Young players are increasingly drawn towards becoming free agents, floating from one T20 league to another, and shunning traditional paths in order to play in international cricket. That is the headline conclusion of the first global employment report on men’s professional cricketers, released by the Federation of International Cricketers Association (FICA) last week.
The report, titled ‘Shifting Landscape’, is based on responses from 300 cricketers across the world (but not from India or Pakistan, where there are no player associations). These are the key findings.
Traditional employment under “significant threat”
The money and exposure on offer in T20 leagues mean players are no longer beholden to national contracts, an umbilical cord, which about a decade ago many found hard to cut. As players have evolved their game, a consequence of playing in different T20 leagues, the report states the “traditional model is under significant threat from alternative employment” options available in the “new market”.
“We are seeing the beginnings of a trend in which annual contracts across all formats of the game, are being declined by players at both domestic and international level worldwide. This ‘flight of talent’ from the traditional ‘vertical’ pathway with players moving to where they are increasingly valued, and can build more lucrative careers has the potential to undermine both the quality and value of international cricket, which already sees many top players in the world not playing for their national teams on a regular basis, or at all.”
“Sideways” route to free agency
FICA finds that more young players are now taking a “horizontal pathway” – where they travel the world year-round playing various domestic T20 leagues like the IPL and the Big Bash (the two most popular voted by the players). That offers them greater financial security and better work-life balance in the absence of a coherent international cricket structure, and is a break from the traditional “vertical pathway” in which a player graduates through a domestic system to international cricket.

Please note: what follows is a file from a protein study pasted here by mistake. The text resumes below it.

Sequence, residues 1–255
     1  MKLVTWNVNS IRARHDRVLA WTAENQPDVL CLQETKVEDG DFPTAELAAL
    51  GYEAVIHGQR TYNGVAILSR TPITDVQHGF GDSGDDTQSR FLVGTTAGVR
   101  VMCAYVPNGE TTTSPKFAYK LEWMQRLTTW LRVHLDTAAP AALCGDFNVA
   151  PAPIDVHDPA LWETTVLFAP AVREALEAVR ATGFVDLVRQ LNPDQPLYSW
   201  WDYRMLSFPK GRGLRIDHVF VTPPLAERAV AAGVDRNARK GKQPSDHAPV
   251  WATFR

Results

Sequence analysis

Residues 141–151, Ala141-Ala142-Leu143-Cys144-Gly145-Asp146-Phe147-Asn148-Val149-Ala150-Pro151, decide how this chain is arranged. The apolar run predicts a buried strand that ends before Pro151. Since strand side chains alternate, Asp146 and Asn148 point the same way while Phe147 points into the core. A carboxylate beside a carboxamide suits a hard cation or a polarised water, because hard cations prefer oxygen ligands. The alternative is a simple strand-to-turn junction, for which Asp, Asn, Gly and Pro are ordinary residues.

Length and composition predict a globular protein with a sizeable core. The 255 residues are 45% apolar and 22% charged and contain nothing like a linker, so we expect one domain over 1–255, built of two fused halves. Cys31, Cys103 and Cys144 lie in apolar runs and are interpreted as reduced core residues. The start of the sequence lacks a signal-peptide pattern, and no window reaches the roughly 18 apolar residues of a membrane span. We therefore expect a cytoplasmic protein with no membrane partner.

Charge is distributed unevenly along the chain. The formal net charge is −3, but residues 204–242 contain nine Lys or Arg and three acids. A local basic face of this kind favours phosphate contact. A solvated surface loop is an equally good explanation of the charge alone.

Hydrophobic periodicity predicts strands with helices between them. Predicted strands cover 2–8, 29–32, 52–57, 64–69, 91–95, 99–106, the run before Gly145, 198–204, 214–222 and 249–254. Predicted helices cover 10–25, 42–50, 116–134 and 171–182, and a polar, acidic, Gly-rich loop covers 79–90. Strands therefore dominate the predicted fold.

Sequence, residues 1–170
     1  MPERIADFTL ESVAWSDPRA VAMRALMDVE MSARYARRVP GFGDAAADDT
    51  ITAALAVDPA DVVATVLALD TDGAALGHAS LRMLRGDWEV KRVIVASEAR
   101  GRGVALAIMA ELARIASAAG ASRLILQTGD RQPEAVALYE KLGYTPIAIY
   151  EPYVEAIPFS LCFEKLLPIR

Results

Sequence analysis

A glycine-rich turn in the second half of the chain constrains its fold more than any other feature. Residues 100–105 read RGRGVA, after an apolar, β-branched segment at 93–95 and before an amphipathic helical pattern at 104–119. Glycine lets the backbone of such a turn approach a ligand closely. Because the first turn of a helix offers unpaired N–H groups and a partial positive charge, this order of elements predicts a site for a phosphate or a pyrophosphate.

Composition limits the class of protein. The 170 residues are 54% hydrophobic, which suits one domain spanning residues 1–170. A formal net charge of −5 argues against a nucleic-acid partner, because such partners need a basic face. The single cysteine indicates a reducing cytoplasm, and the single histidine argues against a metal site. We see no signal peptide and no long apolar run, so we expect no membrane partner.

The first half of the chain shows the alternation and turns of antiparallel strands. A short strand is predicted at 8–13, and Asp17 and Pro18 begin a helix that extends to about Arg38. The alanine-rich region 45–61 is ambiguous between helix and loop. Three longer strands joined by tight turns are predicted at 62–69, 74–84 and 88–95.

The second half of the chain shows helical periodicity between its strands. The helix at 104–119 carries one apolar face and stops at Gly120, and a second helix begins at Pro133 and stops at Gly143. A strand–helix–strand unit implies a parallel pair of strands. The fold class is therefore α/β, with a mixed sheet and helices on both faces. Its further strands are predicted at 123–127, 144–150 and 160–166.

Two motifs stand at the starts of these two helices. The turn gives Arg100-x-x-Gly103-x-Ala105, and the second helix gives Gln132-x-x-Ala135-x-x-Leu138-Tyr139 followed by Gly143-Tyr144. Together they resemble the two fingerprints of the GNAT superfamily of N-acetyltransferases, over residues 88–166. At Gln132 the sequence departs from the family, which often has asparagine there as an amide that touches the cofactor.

A growing number of players have recently opted out of national and domestic contracts. West Indian T20 stars like Sunil Narine, Kieron Pollard and Andre Russell have led the way, declining national contracts. Last year Mitchell McCleneghan also opted to not take up a retainer offered by New Zealand Cricket. Recently the England pair of Adil Rashid and Alex Hales signed white-ball only county contracts.
This exodus of players is steadily “creeping” up.
“We are seeing younger players and those who would be in the middle of their traditional international or domestic careers choosing to leave the vertical pathway and move sideways to the free agency route. Where over recent years, the horizontal free agency market has had its most significant impact on taking players out of the traditional employment market in the less wealthy cricketing nations, where T20 league earnings comfortably surpass national contract earnings, we are now seeing the gradual creep of this pathway into all areas of the game in almost all countries.”
In the last decade a “hybrid” pathway has also opened. In this, the player has a national contract, but can enhance his earnings significantly by playing in leagues where the money on offer, the report says, “can be life-changing.”
According to the report, the most disgruntled players come from financially-challenged cricketing nations, which offer annual contracts that can’t compare to massive deals franchises can provide.
Up to 55% percent of players felt insecure or very insecure in their current employment; 64% of the players surveyed had only one contract for one year; and 88% percent wanted a long-term secure contract instead of freedom of movement.
The report found that players felt they did not have a say in the way the game is being run. “Corruption, scheduling and player workload are seen by players as the main issues facing the game,” the report said. About 91% polled cited inconsistent scheduling as a major hurdle facing the game, and 81% said workload was also a major issue.
Tony Irish, FICA’s executive chairman, described the situation as tense. National boards are feeling the heat as they argue they have invested heavily in the development of the player and should have a bigger say in their career options. Traditionally boards have exercised their authority by granting no-objection certificates to allow players to play in leagues. Consequently the players are vulnerable to restraint of trade in such a scenario.
“In this current structure, where vertical and horizontal compete, and in the face of time-limited professional careers, players are faced with a conflict of choice in career direction,” Irish noted. “Equally, country boards are faced with the potential flight of talent in which they claim an investment. The tension is already palpable in several countries, but will be increasingly felt by all.”